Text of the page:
It’s very rare that I start listening to something and immediately fall in love with it but that is exactly what happens when I get hold of Parsnip’s debut album ‘When the Tree Bears Fruit’ and hear the delightful opening track ‘Are You Taking Me For a Ride’.

In the nicest possible way, it’s utterly ridiculous from the off. It’s gloriously and unashamedly silly at the same time as being immediately likeable and very poppy, punctuated by the occasional dab of melancholy, as in ‘Soft Spot’.

On the face of it, it’s 1960’s rock ‘n roll retro nostalgia turned up to the max, with a dose of garage rock ethic thrown in – but just as the Residents and Frank Zappa worked within the medium to satirise itself while simultaneously creating music that was punchy, melodic, engaging and challenging, so do Parsnip.

Parsnip have the syncopation, quirky riffs and unconventional vocal lines that mark out Zappa’s oeuvre, a song called ‘Sprouts’ as well as songs mostly driven by melody lines rather than chord progressions. The slightly unsettling and discordant edge to their melody lines, switches of pace and passages of technical (but not unnecessarily virtuoso) keyboard, guitar and bass playing in unison or at intervals are also reminiscent of Zappa. They keep the songs almost exclusively within the three minute pop limit and bring vocal harmonies which give the whole thing a feel of a Beach Boys album left to go bad in the Australian sun.

All these comparisons might seem to suggest that I think Parsnip are derivative or unoriginal – which really isn’t the case. For me, it’s an obvious similarity in sound but it’s high praise and draws parallels with one of the most talented and genuinely groundbreaking musical pioneers around.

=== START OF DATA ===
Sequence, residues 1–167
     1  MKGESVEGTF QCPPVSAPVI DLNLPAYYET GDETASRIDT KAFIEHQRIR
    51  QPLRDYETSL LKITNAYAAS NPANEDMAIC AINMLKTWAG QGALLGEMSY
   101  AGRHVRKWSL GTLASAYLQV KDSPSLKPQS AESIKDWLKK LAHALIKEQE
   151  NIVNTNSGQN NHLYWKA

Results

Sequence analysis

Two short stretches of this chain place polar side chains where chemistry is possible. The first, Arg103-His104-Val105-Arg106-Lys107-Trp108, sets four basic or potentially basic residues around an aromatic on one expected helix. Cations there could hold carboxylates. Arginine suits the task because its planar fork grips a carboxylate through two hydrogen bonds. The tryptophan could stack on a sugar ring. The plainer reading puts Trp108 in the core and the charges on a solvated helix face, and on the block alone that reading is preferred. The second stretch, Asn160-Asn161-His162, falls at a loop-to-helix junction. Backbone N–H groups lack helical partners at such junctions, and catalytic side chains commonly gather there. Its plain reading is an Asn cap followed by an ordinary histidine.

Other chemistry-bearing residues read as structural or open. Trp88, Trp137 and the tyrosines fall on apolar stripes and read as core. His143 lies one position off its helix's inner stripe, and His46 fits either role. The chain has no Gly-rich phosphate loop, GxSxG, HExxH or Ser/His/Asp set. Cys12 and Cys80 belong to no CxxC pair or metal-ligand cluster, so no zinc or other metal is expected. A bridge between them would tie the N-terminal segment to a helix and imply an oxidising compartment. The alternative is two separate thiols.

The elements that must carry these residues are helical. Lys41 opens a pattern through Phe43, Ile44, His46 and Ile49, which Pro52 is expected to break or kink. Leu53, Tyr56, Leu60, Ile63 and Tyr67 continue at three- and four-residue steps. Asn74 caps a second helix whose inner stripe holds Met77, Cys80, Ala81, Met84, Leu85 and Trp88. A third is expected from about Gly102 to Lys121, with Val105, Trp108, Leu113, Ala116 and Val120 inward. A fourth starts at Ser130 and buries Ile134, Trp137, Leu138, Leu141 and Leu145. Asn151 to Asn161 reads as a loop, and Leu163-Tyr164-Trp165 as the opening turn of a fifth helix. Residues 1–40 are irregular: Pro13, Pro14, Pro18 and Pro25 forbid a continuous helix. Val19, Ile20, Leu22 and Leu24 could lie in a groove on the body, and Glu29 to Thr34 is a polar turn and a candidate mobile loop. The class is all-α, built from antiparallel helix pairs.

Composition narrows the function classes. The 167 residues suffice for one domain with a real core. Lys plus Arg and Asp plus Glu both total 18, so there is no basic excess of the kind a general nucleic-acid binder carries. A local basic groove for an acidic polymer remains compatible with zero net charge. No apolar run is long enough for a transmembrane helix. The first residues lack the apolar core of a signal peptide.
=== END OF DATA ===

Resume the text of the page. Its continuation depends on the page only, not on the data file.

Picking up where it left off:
Parsnip have their own sound, their own message and genuine originality and weave elements of pop, bubblegum punk and rock ‘n roll to create something really compelling.

They also have the added facet of vocals which could have been lifted from a jingle recorded for a Japanese mascot-led infomercial. My only gripe about the whole album is that I would prefer the lyrics to be a bit easier to pick out, as they, too, aren’t just standard fayre.

Altogether ‘When the Tree Bears Fruit’ is off-kilter, challenging and original while also being comfortable, accessible, intricate, wonderfully musical and happy.

And here’s a personal apology from me to Parsnip: if your music isn’t supposed to be funny, I am very sorry for finding you unrelentingly hilarious. But, thanks anyway!

Parsnip: When The Tree Bears Fruit – Out 30th August 2019 (Trouble In Mind Records)


Chris Oliver

I've been playing bass guitar and guitar for over half my life. I last played bass in in a band called Electromotive and as a singer-songwriter I have written songs about cheese and vajazzles (separate songs!). I started out listening to 60s, 70s and 80s rock as a kid and I was in to grunge and U.S. punk and ska in the 90s. Since then, I've broadened my tastes and I like the best of all styles of music, even country. I've been writing for Silent Radio since it started.